I think the press needs a Pulitzer today, people who can see developments much like Ted Turner saw the growth of cable television. Such people aren't inventors, but they can see the trends.

He also saw the importance of telling a story. If you open up a newspaper today and it says the Euro has fallen in value, that makes for pretty dry reading. Open it up and learn about a farmer in Greece who is pouring his milk on the street, that is what captures our interest. That's part of the legacy of Pulitzer, what keeps pushing us back to the question of what is a story.

Talk about Pulitzer the man as opposed to the press tycoon. His life wasn't a very happy one.

Morris: He's tragic in the Greek sense. He becomes a Howard Hughes figure of the 19th century because of his own internal flaws. I don't think he had manic depression. I think he suffered a kind of generalized anxiety that led to the manifestation of all those problems he had, like a hypersensitivity to sound.

People wrongly believe that someone who goes blind hears better. Generally speaking, people who go blind tend to use their hearing a little bit better, but that doesn't mean like in the Ray Charles movie, where he can suddenly hear bird sounds that no one else can hear.

His family life was ghastly. I knew it would be bad, but I didn't know how bad. I just felt so sorry for his kids. His wife, Kate, was a heroine to me in this story. I'm somewhat of a romantic, and she understands him in ways that nobody else did. She sticks by him even when he constantly pushes her away. It was not an era when people got divorced; they just made other arrangements to live apart.

The incredible anxiety that he feels is about everything, ranging from his children not loving him to anxiety over work. It manifests itself in part because of things he can't control. He is in a dark womb. He descends into a vortex of feeling he is going to die at any time. The business of going to Europe, back and forth, fleeing his own shadow - Pulitzer was looking for a geographical solution to psychological ailments.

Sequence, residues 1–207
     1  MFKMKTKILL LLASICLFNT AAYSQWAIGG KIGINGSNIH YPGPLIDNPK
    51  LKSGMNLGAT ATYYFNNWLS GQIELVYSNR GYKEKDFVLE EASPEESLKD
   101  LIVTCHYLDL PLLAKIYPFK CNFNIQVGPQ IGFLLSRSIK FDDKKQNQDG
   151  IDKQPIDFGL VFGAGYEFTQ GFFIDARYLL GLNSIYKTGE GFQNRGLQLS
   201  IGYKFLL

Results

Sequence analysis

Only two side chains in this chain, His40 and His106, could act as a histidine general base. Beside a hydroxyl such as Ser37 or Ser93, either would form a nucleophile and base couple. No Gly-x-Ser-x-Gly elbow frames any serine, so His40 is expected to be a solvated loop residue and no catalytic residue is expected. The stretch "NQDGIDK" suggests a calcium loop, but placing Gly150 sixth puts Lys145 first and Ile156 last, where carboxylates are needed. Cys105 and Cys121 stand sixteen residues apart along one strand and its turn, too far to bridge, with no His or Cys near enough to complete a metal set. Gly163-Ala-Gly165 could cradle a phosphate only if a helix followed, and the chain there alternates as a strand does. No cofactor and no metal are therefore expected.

In your acknowledgements, you thank film director Martin Scorsese for giving you lodging during your research in New York. Would the life of Joseph Pulitzer make for a good movie?

Morris: Scorsese has been married to my sister for more than a decade, and he has been very supportive.

The problem with Pulitzer is that it's a great life for a movie, but it was pretty much precluded by "Citizen Kane." That sucked the air out of doing a movie about a newspaper giant of the 19th century. But a Pulitzer movie would have been better than one modeled on Hearst. He spent a lot of time at his desk, writing memos. Pulitzer was out there doing things.

Dale Singer began his career in professional journalism in 1969 by talking his way into a summer vacation replacement job at the now-defunct United Press International bureau in St. Louis; he later joined UPI full-time in 1972. Eight years later, he moved to the Post-Dispatch, where for the next 28-plus years he was a business reporter and editor, a Metro reporter specializing in education, assistant editor of the Editorial Page for 10 years and finally news editor of the newspaper's website. In September of 2008, he joined the staff of the Beacon, where he reported primarily on education. In addition to practicing journalism, Dale has been an adjunct professor at University College at Washington U. He and his wife live in west St. Louis County with their spoiled Bichon, Teddy. They have two adult daughters, who have followed them into the word business as a communications manager and a website editor, and three grandchildren. Dale reported for St. Louis Public Radio from 2013 to 2016.